About Sidnie White Crawford

Sidnie White Crawford

Sidnie White Crawford is Willa Cather Professor of Hebrew Bible and Second Temple Judaism emerita at the University of Nebraska-Lincoln and a Visiting Professor at Princeton Theological Seminary. She is an internationally recognized scholar in the areas of the Dead Sea Scrolls and the Textual Criticism of the Hebrew Bible. Her latest book is Scribes and Scrolls at Qumran (Wm. B. Eerdmans, 2019), the winner of the Frank Moore Cross Award from the American Schools of Oriental Research. She has recently edited, with Cecilia Wassen, Apocalyptic Thinking in Early Judaism, (Brill, 2018). She is a general editor (Hebrew Bible, Deuterocanon) for the 30-year review of the New Revised Standard Version of the Bible being undertaken by the National Council of Churches, as well as being Co-Editor-in-Chief for the Society of Biblical Literature series The Hebrew Bible: A Critical Edition, for which she also serves as the book editor for Deuteronomy. Sidnie currently is a member of the Society of Biblical Literature Council, is Chair of the Old Testament Editorial Board for Hermeneia: A Commentary Series (Fortress Press), and is Board Chair Emerita of the W. F. Albright Institute of Archaeological Research in Jerusalem. She lives in Stroudsburg, PA with her husband Dan and her cat Mollie.


Presenter at

Bible & Archaeology Fest XXIII, October 24 – 25, 2020
Caves and Scrolls: The Story of Qumran

The scrolls found in the eleven caves in the vicinity of Khirbet Qumran are both ancient religious texts and archaeological artifacts. Taking into consideration both archaeological and textual evidence, this lecture will give the history of the settlement at Khirbet Qumran, discussing the Qumran caves, the buildings, and the scrolls. We will ask the question: Who owned the scrolls, and why were they put into caves? Join us for an exciting journey into the world of Qumran!


Bible & Archaeology Fest XXI, November 16 – 18, 2018
Scribes and Scrolls at Qumran: A New Synthesis

Since the discovery of the Dead Sea Scrolls in the 1940s and 1950s and the excavation of the site of Qumran in the 1950s scholars have tried to put together the puzzle of the relationship of the scrolls found in the caves to the site of Qumran. Dr. Crawford’s presentation will combine the textual evidence of the scrolls and the archaeology of the caves and the site into a new synthesis, arguing that Qumran was founded by the Essenes to function as their main library and scroll collection location. Qumran was inhabited by scribes and their support staff from the early first century BCE until the site’s destruction by the Romans in 68 CE. The scrolls that were at first stored and finally abandoned in the nearby caves constitute the remnants of an Essene scribal library.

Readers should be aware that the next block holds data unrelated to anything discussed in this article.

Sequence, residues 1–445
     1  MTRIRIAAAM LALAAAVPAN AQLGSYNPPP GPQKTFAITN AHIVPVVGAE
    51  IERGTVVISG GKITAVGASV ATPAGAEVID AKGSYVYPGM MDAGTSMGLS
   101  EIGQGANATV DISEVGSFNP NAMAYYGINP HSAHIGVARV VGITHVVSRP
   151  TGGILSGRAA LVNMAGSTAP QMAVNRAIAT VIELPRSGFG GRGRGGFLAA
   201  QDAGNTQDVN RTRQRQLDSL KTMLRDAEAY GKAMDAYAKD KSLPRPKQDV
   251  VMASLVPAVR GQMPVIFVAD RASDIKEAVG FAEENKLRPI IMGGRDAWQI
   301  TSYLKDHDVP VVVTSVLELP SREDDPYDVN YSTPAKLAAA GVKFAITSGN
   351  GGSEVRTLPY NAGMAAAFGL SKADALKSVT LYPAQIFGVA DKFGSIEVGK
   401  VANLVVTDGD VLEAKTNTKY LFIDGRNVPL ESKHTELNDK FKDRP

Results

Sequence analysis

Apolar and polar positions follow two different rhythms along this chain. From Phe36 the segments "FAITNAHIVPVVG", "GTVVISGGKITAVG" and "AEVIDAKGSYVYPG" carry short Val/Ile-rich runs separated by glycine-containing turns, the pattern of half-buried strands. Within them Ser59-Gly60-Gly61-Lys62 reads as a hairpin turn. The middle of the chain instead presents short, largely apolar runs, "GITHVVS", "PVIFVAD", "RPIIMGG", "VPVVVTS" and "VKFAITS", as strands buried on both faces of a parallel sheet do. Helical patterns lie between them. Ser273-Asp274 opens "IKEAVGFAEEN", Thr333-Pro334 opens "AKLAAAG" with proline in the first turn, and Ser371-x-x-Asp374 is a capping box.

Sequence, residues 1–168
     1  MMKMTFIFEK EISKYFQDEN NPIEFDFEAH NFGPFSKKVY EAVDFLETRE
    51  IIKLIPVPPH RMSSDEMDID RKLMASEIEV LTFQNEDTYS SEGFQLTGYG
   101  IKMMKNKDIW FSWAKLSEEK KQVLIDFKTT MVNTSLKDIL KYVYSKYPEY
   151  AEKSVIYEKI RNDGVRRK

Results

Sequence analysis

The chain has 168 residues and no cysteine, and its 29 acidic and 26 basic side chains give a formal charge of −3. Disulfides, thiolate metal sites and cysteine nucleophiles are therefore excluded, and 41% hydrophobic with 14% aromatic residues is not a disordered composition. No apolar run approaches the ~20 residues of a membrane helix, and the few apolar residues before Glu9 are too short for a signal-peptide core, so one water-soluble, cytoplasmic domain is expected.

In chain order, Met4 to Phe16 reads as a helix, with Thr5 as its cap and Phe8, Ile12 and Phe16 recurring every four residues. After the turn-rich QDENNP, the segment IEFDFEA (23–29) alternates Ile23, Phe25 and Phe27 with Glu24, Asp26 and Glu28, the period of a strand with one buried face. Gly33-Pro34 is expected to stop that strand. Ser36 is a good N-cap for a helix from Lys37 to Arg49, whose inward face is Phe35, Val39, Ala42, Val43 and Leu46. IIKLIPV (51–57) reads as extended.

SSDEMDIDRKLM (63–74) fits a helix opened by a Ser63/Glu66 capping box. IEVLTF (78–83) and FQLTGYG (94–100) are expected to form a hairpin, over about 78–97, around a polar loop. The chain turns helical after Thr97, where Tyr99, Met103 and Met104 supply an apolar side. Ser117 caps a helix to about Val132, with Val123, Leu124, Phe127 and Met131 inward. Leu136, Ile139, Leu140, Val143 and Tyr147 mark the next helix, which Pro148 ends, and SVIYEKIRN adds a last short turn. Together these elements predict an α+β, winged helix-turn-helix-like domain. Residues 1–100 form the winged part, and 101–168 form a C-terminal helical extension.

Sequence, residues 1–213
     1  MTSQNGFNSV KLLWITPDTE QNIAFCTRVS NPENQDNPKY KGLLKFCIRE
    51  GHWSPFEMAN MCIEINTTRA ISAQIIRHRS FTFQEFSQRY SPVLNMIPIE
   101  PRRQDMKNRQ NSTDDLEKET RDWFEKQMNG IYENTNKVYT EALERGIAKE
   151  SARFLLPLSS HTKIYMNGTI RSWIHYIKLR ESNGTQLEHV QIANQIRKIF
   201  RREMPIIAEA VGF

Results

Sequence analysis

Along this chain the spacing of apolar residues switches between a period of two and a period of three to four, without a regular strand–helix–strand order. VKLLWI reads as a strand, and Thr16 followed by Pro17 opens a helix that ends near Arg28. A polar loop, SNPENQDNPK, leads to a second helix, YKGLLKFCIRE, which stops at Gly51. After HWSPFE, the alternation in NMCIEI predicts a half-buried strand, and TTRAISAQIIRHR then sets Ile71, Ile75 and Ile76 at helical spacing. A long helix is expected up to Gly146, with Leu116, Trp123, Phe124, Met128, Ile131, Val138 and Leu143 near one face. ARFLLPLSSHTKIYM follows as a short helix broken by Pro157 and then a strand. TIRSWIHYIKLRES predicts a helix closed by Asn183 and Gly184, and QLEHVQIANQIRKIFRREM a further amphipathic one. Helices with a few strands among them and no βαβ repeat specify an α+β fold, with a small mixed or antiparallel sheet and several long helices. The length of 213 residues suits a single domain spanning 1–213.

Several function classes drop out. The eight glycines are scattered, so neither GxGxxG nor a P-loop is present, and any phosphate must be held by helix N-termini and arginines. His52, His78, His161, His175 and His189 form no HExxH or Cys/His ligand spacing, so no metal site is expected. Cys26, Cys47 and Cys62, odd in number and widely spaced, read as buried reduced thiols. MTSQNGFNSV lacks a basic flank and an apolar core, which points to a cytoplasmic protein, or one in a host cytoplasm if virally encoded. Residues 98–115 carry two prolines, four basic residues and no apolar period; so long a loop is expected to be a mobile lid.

Bible & Archaeology Fest XIV, November 18 – 20, 2011
Plenary Session The Fluidity of Scripture and the Process of Canon in Second Temple Judaism

The Dead Sea Scrolls have revolutionized our understanding of how the Bible came to be. Although previous generations of scholars were able to draw a sharp distinction between “Biblical” and “non-Biblical” Jewish writings—and attempt to recover the “original text” of scripture—we now know that to be impossible. This presentation will examine the new evidence from the Scrolls for how the text of the Biblical books reached its present form, using examples from the Dead Sea Scrolls. It will also guide us through the process of the canonization of Jewish scripture, explaining how the books that make up the Jewish Bible (the Christian Old Testament) were chosen.


Bible & Archaeology Fest XIII, November 19 – 21, 2010
Scripture and Canon in Second Temple Judaism: The Evidence of the Dead Sea Scrolls

The Dead Sea Scrolls have presented scholars with a wealth of information regarding the Jewish Bible (Christian Old Testament), its text, and the process of its canonization. This presentation will discuss the shape of the Scriptures in the Second Temple period and the various scribal approaches to the text of Scriptures, as well as the historical processes that led to the canonization of the books we now call “the Bible.” In addition, we will discuss the evidence in the Qumran Biblical scrolls for relations among various Jewish or related groups in the Second Temple period, such as the Essenes and its subset at Qumran, the priests and scribes controlling the Temple and the Samaritans.